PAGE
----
"This week, the president submitted to Congress the single largest increase in federal spending in the history of the United States, while driving the deficit to levels that were once thought impossible," said Senator Richard Burr.

    He said Obama's budget commits the government to a billion dollars a day in interest on the debt over the next decade.

    "Now, instead of working hard so our children can have a better life tomorrow, we are asking our children to work hard so that we don't have to make tough choices today," Burr said.

    Obama said his budget blueprint delivered on the changes he promised in his election campaign: tax cuts for 95 percent of working Americans, a rollback in tax breaks for people making over $250,000, lower healthcare costs, education reform and an expansion in the use of clean, renewable energy.

    The president said his budget also reflected the fact the United States faces a financial crisis, a costly recession and a trillion dollar deficit.

    "Given this reality, we'll have to be more vigilant than ever in eliminating the programs we don't need in order to make room for the investments we do need," he said.

    He said a page-by-page examination of the federal budget had already identified $2 trillion in potential savings over 10 years.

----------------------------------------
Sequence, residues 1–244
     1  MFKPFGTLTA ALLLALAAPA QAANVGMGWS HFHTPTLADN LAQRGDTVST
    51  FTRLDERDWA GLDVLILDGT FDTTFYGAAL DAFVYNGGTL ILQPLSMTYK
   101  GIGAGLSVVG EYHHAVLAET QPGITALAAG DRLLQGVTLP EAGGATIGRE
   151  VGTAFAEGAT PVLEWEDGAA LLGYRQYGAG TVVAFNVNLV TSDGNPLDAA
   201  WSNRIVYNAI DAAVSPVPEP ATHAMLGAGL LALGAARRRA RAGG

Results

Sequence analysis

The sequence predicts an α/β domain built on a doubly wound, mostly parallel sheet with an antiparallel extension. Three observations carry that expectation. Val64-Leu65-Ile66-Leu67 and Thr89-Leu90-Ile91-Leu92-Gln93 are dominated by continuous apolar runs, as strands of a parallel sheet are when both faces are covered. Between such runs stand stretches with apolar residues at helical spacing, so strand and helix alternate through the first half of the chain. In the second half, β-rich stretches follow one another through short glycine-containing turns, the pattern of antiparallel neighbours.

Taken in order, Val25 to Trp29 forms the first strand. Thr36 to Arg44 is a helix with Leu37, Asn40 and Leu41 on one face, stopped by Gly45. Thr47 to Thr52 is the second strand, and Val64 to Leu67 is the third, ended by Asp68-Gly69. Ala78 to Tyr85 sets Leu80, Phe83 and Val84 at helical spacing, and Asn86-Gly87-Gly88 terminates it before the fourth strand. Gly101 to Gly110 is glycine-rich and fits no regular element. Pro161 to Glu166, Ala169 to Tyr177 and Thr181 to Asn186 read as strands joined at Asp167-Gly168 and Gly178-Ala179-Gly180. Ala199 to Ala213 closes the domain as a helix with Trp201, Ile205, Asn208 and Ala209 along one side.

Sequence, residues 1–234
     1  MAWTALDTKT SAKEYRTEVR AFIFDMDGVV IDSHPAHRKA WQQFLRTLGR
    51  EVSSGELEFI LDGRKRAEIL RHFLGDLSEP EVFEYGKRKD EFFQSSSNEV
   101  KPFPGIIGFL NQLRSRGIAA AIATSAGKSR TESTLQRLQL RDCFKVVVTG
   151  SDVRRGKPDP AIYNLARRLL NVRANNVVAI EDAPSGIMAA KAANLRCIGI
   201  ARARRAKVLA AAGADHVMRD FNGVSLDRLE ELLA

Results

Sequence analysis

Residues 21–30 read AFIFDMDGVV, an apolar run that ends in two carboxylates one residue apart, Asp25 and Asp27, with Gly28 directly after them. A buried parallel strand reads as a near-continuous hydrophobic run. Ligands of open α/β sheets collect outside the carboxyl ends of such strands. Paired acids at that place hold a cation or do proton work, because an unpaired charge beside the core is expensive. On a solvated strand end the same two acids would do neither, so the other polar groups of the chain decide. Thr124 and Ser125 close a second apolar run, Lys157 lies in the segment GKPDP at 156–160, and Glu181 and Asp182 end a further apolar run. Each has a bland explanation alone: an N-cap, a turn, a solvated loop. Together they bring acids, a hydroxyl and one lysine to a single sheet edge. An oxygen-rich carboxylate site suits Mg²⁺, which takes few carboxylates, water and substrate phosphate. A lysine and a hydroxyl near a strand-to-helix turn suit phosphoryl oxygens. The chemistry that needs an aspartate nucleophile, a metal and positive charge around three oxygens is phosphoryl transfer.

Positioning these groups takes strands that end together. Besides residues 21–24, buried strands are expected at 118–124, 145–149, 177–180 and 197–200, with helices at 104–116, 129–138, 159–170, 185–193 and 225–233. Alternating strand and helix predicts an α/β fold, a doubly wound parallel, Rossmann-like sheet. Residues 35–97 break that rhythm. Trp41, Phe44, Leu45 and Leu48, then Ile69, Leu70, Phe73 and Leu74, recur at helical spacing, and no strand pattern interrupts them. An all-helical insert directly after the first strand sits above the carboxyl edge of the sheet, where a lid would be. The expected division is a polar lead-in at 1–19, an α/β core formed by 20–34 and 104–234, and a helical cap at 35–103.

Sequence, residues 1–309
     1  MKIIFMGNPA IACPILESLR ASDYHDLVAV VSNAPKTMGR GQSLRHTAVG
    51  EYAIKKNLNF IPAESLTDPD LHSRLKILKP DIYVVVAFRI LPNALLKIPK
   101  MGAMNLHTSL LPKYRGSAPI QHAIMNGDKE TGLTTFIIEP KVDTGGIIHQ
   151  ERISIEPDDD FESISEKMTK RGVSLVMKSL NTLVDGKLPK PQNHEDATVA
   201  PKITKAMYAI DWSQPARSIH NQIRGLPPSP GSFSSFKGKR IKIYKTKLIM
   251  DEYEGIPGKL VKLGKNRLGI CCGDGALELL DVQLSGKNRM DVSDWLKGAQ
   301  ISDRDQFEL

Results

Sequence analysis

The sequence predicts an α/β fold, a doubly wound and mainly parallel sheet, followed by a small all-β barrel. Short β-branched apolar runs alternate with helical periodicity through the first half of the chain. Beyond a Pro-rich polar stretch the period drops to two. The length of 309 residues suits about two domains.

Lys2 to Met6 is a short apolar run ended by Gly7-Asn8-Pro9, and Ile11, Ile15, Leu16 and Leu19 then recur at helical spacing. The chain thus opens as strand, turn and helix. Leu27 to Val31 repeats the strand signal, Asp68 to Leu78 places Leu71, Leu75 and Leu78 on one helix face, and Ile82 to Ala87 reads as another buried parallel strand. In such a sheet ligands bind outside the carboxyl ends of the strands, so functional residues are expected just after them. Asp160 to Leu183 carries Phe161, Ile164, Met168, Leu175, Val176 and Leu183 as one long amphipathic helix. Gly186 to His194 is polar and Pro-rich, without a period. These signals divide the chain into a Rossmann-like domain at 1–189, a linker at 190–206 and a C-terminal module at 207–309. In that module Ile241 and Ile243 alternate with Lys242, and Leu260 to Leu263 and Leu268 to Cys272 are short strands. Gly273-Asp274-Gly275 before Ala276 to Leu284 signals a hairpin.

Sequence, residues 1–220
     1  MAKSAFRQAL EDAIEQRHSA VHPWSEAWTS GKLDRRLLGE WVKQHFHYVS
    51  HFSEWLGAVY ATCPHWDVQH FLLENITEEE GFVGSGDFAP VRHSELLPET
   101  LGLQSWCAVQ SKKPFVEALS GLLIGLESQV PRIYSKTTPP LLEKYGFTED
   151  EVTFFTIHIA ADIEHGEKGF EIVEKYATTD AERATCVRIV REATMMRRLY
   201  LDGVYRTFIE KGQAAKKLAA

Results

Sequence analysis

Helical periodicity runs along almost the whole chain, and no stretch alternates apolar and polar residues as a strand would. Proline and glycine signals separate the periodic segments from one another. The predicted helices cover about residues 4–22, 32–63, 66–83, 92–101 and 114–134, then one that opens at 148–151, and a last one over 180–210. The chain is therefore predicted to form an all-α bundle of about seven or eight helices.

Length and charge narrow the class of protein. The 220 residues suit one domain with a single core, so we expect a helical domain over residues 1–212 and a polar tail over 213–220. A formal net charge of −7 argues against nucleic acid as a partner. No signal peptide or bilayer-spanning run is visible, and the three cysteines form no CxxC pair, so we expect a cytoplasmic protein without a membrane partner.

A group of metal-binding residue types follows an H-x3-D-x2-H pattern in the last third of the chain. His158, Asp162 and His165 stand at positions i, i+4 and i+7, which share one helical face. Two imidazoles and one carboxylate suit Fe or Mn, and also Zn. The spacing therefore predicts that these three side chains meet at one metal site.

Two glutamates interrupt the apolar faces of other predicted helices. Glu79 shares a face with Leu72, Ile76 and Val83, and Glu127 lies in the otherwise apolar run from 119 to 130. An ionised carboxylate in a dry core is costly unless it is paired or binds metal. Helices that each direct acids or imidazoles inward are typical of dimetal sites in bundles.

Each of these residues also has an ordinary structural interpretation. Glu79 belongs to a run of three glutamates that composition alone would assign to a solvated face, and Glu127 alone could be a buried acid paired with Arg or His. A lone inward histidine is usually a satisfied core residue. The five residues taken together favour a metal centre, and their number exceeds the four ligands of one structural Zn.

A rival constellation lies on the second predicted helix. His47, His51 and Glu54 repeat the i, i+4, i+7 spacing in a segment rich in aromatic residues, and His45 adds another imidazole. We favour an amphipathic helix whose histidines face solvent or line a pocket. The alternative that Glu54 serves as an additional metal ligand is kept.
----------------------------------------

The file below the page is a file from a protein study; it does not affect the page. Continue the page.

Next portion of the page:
"I realize that passing this budget won't be easy," Obama said. "Because it represents real and dramatic change, it also represents a threat to the status quo in Washington."

    The insurance industry would not like having to bid competitively to participate in the Medicare coverage program for the elderly, but it is needed to protect the program and reduce costs, Obama said.

    He said banks and big student lenders would not like losing their taxpayer subsidies, but it would save nearly $50 billion and make college more affordable.

    And he said oil and gas companies wouldn't like losing $30 billion in tax breaks, but it was needed to fund renewable energy research.

    "The system we have now might work for the powerful and well-connected interests that have run Washington for far too long, but I don't. I work for the American people," Obama said.

    "I didn't come here to do the same thing we've been doing or to take small steps forward, I came to provide the sweeping change that this country demanded when it went to the polls in November."